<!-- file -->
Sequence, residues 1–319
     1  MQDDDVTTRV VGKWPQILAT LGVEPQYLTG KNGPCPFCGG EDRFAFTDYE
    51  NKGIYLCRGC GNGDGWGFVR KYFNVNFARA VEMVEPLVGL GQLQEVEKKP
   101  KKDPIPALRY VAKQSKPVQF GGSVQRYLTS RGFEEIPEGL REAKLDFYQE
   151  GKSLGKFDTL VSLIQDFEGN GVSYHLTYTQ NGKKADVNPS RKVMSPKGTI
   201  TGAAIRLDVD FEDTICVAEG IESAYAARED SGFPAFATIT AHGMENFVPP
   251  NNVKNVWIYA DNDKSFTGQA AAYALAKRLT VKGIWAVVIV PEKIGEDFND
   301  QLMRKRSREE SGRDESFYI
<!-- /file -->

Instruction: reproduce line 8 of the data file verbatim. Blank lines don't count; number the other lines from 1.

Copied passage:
   301  QLMRKRSREE SGRDESFYI